The Jet Engine Is a Futuristic Technology Stuck in the Past
Rockets and turbofans have promised to realize dreams of transportation progress—for decades.
by Christopher Schaberg via The Atlantic on February 11, 2018
The bitter truth is that human air travel probably won’t get much better in the years to come. It might have reached certain limits in terms of speed, economy, and comfort. There are any number of signs that this is the case: climate change, limited resources, land-use constraints, wealth inequality, and so on. Recently, news broke about problems in the Rolls-Royce Trent 1000 engines that power the Boeing 787, which was first introduced in 2011: The turbine blades on two separate aircraft broke down during flight, resulting in severe vibrations and causing the aircraft to abort their journeys. Concerning these recent incidents, Warren East, the chief executive at Rolls-Royce, admitted an obvious but uncomfortable truth about turbofan parts: “They wear out.”
For all of Elon Musk’s bluster, and even granting the incredible engineering brilliance behind SpaceX’s accomplishments, an odd detail slipped into one of Musk’s presentations on “making life multiplanetary”: The pressurized area of the payload section of his planned Mars spaceship is described as being “greater than the cabin of an Airbus A380.” The fact is meant to be impressive, but it doesn’t quite square with the expected duration of the trip to Mars. Three to six months traveling in a super jumbo jet? No thanks. Sixteen hours in an A380 can already drive one to the point of insanity, no matter how luxurious the accommodations. In a similar rhetorical move, the mass of this week’s star rocket, the Falcon Heavy, was explained by comparison to a 737—one of the most recognizable Boeing commercial airliners in service today. To envision a reusable space rocket as little more than a vertically aligned Southwest plane brings the stars down to earth indeed. The ambitions and technological marvels of Musk’s rockets are weighed down by the 20th-century baggage of commercial flight.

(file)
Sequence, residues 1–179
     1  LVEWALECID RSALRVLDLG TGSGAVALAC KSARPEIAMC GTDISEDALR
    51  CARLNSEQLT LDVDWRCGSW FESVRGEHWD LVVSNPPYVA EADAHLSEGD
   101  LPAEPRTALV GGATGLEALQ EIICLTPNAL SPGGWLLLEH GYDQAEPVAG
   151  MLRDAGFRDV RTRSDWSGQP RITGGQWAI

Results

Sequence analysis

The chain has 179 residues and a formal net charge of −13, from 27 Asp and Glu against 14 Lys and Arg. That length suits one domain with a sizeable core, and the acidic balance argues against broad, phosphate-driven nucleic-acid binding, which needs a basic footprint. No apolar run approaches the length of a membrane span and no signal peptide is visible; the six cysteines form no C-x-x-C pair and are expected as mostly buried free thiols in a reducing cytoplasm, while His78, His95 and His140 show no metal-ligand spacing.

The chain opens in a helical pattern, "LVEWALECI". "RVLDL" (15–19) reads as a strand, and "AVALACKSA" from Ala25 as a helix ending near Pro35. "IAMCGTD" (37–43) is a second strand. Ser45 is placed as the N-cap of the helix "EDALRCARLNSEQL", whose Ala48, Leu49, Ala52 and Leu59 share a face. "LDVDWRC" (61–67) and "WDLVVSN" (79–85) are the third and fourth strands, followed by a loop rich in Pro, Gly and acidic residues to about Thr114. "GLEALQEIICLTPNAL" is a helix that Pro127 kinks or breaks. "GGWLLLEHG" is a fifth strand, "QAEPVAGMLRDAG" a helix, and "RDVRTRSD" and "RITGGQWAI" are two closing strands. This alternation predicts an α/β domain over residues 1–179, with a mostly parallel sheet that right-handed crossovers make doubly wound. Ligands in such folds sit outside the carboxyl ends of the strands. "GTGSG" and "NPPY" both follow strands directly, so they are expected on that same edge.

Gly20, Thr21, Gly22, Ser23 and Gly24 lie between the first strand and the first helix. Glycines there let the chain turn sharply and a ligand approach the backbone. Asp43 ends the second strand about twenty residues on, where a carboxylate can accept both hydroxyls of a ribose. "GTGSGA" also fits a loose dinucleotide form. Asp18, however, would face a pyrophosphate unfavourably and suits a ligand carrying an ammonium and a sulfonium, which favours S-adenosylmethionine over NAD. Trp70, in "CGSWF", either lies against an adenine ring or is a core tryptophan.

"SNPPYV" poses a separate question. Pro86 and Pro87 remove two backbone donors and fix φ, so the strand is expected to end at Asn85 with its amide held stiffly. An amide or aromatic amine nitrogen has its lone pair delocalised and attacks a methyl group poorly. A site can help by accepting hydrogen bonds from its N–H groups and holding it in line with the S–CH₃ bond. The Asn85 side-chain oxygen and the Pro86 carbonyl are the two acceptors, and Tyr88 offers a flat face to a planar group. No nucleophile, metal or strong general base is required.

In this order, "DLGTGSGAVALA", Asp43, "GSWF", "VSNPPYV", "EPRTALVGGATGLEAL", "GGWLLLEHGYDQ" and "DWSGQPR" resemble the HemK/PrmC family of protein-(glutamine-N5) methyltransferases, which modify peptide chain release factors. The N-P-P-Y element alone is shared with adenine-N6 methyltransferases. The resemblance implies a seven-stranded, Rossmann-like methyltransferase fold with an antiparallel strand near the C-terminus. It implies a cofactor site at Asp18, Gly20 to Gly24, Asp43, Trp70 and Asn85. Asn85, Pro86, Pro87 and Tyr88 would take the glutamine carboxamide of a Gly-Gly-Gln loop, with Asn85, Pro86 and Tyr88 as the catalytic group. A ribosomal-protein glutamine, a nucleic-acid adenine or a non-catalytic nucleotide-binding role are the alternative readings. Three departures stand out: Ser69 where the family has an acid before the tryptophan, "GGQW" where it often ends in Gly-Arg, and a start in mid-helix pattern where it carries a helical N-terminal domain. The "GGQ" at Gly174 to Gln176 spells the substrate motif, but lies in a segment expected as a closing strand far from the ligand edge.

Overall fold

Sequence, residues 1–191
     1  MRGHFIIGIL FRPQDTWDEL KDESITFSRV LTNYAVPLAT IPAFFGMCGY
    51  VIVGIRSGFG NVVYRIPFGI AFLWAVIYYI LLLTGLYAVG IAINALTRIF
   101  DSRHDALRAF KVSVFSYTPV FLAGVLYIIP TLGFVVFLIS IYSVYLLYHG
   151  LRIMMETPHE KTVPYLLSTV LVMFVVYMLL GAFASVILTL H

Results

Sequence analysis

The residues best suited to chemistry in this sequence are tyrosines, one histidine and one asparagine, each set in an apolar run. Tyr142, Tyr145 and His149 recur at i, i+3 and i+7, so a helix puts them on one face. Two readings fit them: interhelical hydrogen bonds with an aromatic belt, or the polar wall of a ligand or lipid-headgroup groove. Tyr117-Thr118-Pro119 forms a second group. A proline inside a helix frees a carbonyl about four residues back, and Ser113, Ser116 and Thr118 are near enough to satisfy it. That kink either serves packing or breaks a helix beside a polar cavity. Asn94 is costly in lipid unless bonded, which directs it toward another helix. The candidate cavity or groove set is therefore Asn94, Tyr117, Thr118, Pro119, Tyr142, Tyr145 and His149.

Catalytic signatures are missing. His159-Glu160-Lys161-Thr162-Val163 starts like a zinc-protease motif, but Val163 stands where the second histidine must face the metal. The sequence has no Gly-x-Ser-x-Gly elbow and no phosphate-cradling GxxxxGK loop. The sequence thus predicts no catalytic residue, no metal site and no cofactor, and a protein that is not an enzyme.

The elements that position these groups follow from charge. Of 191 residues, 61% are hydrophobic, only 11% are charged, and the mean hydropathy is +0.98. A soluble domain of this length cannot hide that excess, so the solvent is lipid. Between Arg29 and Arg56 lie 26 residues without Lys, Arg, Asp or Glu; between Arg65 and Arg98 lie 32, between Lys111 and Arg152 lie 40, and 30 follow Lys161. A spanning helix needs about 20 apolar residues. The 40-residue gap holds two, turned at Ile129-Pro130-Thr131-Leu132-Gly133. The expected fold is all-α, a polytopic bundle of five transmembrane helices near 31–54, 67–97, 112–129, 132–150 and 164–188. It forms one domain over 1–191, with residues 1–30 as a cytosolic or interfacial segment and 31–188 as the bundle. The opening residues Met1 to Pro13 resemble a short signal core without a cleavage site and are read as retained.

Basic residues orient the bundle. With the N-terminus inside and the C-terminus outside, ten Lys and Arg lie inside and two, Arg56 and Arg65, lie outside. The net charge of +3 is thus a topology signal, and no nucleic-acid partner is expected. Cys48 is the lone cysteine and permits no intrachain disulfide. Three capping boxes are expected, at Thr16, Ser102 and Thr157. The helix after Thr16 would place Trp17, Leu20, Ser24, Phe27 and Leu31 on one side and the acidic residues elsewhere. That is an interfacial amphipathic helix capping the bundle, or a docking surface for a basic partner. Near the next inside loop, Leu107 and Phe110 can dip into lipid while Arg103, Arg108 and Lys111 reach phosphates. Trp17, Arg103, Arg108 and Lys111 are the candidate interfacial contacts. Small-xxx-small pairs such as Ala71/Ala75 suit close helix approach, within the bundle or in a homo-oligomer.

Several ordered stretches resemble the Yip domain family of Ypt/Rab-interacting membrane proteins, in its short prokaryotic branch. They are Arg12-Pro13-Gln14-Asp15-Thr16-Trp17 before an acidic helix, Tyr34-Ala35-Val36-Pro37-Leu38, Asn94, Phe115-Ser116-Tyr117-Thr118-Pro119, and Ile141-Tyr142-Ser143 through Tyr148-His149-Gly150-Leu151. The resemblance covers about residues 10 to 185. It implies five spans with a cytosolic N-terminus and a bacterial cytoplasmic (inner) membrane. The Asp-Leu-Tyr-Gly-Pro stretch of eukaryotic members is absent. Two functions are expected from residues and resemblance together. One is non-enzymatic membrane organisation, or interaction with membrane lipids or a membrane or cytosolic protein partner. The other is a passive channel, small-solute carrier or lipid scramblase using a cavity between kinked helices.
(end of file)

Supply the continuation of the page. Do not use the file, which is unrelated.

For now, the goal of human air travel seems to be to keep it going at any cost—as if humanity is still headed somewhere else, somewhere new. Rolls-Royce plans to “power the aircraft of the future,” as a company statement boldly puts it. And SpaceX is certainly working hard to produce another aspect of this future. But is the future in play here truly something revolutionary?